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While PRIIPS (Packaged Retail and Insurance-based Investment Products) stands behind the 2018 door, there are still many considerations to take into account for a successful implementation.
Within the current tsunami of regulations that asset managers are undergoing, PRIIPS stands out among the most challenging. Project managers heading the efforts to successfully comply with these in the next few months, are well aware that interpretation of the regulatory text over the last two years has been arduous, to say the least. Despite the latest clarifications by the Esma questions and answers (Q&A) in June and August of this year, which provided guidance on the interdependencies that the MiFID II directive has on PRIIPS, the regulatory framework still remains extremely complex and not crystal clear when it comes to the real life application of the text.
The good news is that based on the above mentioned Q&A, MiFID II requirements in terms of cost and risk disclosure to investors are now aligned with PRIIPS on methodology and in the regulatory schedule. Asset managers will be able to streamline their processes of document production across their range of investment funds targeting retail and institutional investors in the European Economic Area.
The good news is that based on the above mentioned Q&A, MiFID II requirements in terms of cost and risk disclosure to investors are now aligned with PRIIPS
Pilar de Terry Head of global fund administration product (BNP Paribas Securities Services)
A sea of challenging objectives is still to be confronted by the funds industry, conditioning the navigation to a happy implementation end. While not unsurmountable, it will be resource draining and cost bearing for the product manufacturer.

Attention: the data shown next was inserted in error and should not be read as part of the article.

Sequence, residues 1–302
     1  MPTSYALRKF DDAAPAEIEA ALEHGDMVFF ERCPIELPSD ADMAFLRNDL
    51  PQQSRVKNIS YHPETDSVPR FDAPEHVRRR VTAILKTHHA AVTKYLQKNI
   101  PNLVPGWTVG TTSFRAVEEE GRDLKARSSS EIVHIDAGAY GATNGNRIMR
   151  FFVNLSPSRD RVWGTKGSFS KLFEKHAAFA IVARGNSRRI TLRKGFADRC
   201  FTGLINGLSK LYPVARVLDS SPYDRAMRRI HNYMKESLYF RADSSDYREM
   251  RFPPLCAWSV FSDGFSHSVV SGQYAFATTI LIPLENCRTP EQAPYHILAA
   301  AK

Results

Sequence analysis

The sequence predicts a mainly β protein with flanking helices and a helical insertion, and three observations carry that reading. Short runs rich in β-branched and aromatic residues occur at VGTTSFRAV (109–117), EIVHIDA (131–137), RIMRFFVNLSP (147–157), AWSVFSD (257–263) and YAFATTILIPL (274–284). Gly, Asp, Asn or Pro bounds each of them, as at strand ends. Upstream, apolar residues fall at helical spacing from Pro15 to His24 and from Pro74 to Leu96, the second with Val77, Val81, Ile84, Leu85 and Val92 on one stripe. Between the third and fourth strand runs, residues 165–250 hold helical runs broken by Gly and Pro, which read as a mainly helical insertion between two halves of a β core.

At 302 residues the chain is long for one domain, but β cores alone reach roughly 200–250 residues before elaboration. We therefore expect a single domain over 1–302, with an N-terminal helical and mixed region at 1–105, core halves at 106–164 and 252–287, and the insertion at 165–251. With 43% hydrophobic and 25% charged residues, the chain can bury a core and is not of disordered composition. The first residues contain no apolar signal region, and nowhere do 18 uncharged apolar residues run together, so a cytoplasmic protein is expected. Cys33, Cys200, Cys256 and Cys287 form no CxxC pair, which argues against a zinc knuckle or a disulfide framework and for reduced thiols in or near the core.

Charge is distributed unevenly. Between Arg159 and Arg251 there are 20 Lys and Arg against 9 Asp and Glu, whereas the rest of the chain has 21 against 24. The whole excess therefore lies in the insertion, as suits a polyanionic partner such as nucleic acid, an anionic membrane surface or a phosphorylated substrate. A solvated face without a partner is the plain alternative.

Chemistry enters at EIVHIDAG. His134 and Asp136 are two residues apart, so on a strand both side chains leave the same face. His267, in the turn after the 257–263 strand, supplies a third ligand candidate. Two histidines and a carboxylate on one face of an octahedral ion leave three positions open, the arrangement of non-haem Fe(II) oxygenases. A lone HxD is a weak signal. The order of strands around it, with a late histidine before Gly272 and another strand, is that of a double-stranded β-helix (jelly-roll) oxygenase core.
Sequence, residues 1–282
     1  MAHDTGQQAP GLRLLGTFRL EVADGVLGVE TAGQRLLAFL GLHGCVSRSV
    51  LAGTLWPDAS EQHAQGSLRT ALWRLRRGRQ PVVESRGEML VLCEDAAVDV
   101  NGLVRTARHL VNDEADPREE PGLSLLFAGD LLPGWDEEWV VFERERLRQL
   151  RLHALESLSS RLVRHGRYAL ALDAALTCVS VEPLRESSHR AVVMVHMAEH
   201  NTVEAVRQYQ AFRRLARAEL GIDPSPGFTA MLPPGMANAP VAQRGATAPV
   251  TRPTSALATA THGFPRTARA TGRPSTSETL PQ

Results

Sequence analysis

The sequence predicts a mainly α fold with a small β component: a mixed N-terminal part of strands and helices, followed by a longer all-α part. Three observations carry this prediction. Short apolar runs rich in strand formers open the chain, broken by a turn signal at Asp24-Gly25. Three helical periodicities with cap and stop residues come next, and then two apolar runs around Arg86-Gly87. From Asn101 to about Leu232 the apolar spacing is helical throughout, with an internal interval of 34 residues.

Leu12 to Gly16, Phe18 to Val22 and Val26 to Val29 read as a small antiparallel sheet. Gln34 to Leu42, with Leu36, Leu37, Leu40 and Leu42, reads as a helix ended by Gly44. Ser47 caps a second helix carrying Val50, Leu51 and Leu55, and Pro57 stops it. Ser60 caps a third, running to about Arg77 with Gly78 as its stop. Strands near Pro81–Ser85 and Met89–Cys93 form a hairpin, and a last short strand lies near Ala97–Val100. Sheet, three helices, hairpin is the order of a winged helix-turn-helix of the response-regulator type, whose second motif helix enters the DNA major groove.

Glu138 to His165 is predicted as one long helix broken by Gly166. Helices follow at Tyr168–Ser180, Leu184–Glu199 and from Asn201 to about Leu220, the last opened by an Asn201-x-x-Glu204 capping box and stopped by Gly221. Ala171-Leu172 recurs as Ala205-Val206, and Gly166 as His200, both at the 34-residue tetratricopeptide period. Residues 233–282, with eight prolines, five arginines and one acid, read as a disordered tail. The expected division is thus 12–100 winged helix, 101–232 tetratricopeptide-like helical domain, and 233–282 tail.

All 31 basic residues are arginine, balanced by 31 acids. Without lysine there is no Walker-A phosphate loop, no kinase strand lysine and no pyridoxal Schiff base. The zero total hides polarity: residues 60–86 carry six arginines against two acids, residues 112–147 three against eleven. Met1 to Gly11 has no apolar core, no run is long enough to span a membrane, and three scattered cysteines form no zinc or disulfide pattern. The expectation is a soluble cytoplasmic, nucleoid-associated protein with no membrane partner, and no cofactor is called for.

Exemption rules not always a relief
The two-year grand fathering period for UCITS funds and alternative investment funds (AIFs) with a UCITS KIID (key investor information document) may not provide with the expected relief if these structures are the underlying investments of packaged products such as multi-option insurance products. Some insurance companies have heavily invested in the target full PRIIPS platform and despite the fact that they could leverage on existing UCITS KIID data, they are requesting their service providers to provide fully compliant PRIIPS KID data.
In addition, even if UCITS KIID data complies with regulations until end 2019, costs and charges need to be calculated using the simplified method of PRIIPS.
From macro to micro interpretation of the regulation
At the end of June this year, the market finally had a good macro understanding of the scope of the regulations and could proceed with refining project charters. This said, as we started to work on the nitty gritty, we realised that applying the detailed regulatory requirements is somewhat of an intellectual quiz.
Making sense of the regulation for each specific underlying instrument in the investment fund is not always black and white. Obtaining a clear picture of the individual costs calculation methodology to apply to complex holdings must be foreseen in a timely manner.